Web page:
There the first episode was available on Amazon Prime and it set the record, Colin Mann (Advanced-Television) noted, "attracting three times more streams on release day than the first episode of any previous show on the service."

Extant is a hit and debuted as such.

But the same instinct to rip apart any project starring a woman went after Halle's show.

The Water Cooler Set has trashed Whitney and really bared their bitchy fangs when Ashley Judd starred in Missing.  Ashley's acting couldn't be assailed so they went after her face and were apparently quite pleased with themselves for that stunt.

(There was and is nothing wrong with Ashley's face.)

With Missing, they got to have the last word.  Thanks to the Whitney bloggers (Betty, Marcia and Ann), the Water Cooler Set began walking back their slams on the sitcom.  And the Whitney bloggers were ready to do the same again, to ensure that Halle's show got a fair shot.

But, it turns out, they weren't needed in the way they had been on a sitcom.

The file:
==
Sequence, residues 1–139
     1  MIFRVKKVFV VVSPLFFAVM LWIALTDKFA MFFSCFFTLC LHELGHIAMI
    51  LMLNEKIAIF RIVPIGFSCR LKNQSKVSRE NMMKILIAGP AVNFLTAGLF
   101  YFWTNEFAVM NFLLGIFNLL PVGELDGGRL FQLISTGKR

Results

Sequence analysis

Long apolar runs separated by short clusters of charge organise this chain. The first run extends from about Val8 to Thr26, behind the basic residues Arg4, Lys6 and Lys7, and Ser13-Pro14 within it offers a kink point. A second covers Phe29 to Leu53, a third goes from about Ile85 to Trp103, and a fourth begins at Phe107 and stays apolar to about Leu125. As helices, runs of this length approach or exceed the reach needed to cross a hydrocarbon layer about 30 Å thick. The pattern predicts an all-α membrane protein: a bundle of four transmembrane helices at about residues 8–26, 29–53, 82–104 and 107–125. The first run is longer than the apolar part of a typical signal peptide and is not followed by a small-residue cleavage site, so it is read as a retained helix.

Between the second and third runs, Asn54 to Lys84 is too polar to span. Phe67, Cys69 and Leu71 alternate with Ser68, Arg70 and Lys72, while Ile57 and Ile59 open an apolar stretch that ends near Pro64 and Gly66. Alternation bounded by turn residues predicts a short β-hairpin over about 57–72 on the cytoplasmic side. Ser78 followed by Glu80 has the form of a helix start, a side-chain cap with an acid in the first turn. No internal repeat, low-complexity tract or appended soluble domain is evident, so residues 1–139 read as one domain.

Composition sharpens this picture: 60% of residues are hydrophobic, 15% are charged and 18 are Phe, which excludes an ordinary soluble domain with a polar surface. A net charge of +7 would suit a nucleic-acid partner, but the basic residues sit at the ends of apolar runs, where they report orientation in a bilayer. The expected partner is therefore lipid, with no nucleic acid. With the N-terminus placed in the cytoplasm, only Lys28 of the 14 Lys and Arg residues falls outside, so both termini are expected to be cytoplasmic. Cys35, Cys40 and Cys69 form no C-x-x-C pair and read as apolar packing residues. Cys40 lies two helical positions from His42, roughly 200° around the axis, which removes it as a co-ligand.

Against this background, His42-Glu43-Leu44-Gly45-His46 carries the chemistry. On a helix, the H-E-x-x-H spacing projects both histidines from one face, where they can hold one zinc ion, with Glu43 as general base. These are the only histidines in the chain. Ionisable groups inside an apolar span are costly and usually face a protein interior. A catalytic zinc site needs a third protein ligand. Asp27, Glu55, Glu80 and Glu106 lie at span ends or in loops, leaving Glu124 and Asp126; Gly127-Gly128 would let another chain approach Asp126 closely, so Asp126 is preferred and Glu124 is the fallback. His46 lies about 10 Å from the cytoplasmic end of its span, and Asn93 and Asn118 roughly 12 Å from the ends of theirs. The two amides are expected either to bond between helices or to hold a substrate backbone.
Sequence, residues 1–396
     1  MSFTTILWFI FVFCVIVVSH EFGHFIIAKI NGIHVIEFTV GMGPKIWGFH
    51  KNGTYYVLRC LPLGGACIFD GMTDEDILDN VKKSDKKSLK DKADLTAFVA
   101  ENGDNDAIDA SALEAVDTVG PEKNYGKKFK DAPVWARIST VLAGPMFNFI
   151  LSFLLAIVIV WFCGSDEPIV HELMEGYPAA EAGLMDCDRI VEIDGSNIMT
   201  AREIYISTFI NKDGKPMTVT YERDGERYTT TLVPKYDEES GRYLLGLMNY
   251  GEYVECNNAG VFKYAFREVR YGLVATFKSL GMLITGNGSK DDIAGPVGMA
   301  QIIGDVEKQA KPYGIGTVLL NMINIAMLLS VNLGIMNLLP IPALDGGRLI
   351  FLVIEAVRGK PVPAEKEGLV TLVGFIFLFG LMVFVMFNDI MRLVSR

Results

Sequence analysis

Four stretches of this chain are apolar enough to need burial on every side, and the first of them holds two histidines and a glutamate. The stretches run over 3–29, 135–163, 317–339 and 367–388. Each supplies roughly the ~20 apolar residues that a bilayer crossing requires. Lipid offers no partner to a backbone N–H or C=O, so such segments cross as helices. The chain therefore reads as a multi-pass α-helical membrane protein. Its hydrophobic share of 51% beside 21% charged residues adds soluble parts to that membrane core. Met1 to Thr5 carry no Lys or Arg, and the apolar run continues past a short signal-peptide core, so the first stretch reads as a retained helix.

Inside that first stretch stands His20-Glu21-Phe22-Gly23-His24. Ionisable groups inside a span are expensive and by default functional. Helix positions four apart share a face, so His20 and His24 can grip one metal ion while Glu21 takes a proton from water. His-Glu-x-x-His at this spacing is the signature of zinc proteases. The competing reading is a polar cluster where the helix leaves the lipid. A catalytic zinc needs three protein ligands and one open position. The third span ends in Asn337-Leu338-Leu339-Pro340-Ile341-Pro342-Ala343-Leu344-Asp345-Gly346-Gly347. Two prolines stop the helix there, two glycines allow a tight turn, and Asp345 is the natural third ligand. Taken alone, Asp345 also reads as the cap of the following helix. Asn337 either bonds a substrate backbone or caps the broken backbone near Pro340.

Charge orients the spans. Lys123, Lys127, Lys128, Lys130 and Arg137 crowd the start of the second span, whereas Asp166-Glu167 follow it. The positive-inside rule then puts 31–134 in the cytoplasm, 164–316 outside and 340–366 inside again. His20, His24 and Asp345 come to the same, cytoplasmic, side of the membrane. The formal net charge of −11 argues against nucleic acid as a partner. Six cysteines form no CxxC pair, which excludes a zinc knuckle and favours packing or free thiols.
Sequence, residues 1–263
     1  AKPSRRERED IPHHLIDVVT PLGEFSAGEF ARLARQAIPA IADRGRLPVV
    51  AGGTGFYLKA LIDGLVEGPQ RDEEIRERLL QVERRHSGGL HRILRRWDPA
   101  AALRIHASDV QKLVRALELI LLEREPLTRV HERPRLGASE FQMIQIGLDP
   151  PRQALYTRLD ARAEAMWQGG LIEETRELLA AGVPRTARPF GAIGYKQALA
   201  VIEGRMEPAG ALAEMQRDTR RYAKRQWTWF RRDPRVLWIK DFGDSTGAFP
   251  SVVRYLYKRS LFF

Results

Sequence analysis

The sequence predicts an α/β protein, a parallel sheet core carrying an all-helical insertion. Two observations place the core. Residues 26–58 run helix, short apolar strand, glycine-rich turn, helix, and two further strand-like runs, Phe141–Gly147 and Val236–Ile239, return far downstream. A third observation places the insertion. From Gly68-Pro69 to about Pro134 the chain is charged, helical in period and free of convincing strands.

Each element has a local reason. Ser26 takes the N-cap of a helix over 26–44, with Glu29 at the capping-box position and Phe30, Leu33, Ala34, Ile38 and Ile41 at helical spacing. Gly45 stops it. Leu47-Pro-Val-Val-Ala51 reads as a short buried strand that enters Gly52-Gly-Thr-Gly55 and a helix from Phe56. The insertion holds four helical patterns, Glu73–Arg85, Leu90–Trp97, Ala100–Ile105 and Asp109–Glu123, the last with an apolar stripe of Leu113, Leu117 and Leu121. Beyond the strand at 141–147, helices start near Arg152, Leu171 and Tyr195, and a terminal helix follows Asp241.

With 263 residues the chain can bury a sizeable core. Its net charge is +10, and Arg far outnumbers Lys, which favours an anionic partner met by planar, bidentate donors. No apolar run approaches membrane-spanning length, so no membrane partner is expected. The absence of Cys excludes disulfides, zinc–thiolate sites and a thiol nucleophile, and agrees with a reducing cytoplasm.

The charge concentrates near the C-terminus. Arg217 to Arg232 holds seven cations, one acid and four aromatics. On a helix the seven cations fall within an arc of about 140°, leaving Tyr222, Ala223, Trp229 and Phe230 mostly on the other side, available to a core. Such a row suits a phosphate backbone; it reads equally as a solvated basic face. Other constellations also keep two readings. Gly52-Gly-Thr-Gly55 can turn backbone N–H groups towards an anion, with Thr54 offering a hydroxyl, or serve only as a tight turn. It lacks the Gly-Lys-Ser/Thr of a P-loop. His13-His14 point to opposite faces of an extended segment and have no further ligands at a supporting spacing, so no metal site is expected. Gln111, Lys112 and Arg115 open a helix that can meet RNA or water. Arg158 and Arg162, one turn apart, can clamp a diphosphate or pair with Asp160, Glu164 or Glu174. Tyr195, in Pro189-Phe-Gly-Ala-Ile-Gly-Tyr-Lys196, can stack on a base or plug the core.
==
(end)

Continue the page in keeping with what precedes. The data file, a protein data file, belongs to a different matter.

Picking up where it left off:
Sci-fi audiences.  Sci-fi gals and sci-fi guys.

Sci-fi gals aren't in search of the elusive Mary Sue.  They want strong, relatable women characters.

And Sci-fi guys may be the least sexist men in America.

They like strong women, whether it's Storm, Wonder Woman or Xena.  They don't start gagging if a science fiction film stars a woman -- they love Sigourney Weaver's Ripley and turned the Alien franchise into a film classic.

For about 24 hours after Extant's debut, the Water Cooler Set appeared to be controlling the dialogue but the Water Cooler Set is a weak group that is easily distracted.  So as they went off to play hipster, the sci-fi-ers, the geeks, the devoted, took control of the discussion and the conversation again became about the show.

The 'trendy' became less important and the merits of the show were brought to the forefront in the online discussions.

And that's how Halle ended up winning and Extant ended up winning.  Most of all, it's how conversations about television ended up winning as something beyond trendy became the focus.

Creative Commons License
This work is licensed under a Creative Commons Attribution-Share Alike 3.0 Unported License.
Poll1 { display:none; }